What happens to household garbage that is not recycled?
More than half of household garbage in the U.S. is buried in landfills. However, some communities convert much of their garbage into energy that then is supplied to the electricity grid, powering homes and businesses. These communities have embraced energy recovery as a way to save landfill space. They also find that municipal waste is a smart alternative energy source.
The hydrocarbons that make up most plastic products are a powerful source of energy. For example, common plastic foodservice products supply more than 16,000 BTUs (similar to the big burner on a stove) per pound in a “waste-to-energy” facility. That’s twice as much energy per pound as coal. Rather than burying this stored energy, communities can recapture it.
In a modern energy recovery facility, high-BTU plastics actually can help other, lower-BTU materials combust more completely, which generally means cleaner emissions and less ash for disposal. A 2009 study by the U.S. E.P.A. and North Carolina State University scientists concluded that sending garbage to waste-to-energy facilities reduces greenhouse gas emissions and local pollution compared to landfilling.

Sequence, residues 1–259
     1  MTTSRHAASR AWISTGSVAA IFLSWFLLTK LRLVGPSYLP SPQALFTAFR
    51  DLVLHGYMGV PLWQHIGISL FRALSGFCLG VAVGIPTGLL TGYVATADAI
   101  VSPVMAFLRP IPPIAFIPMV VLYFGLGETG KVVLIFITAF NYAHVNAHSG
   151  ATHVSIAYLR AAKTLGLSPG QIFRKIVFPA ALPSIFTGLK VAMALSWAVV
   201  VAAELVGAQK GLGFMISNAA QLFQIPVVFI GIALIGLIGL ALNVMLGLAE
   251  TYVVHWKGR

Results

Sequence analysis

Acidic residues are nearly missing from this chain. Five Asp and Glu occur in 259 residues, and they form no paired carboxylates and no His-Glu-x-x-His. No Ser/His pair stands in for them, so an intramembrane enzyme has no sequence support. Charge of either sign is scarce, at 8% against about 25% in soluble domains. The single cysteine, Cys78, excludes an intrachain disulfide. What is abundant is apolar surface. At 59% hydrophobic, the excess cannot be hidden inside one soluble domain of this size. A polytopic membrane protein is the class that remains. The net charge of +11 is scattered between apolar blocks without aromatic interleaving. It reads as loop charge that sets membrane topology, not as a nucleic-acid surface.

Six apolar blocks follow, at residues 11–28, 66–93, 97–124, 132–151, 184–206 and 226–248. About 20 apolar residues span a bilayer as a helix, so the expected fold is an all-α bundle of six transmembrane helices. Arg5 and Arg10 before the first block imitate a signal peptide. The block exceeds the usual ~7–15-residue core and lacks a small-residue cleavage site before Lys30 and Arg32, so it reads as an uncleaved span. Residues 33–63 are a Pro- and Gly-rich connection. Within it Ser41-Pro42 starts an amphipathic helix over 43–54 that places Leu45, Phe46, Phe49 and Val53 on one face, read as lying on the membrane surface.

There are approximately 400 of these recovery facilities throughout Europe with many more planned. Yet there are only 87 such facilities in the U.S., with no new ones planned or being built.
One of the largest energy recovery facilities in the country is in Lorton, Virginia. This facility converts non-recycled garbage from residents of Washington, D.C. — 200,000 tons a year — into alternative energy. The facility transforms discarded materials into steam that turns turbines to supply $20 million of electricity per year to the local utility company. Non-recycled plastics play a key role in helping other materials burn more readily and cleanly in this and other facilities.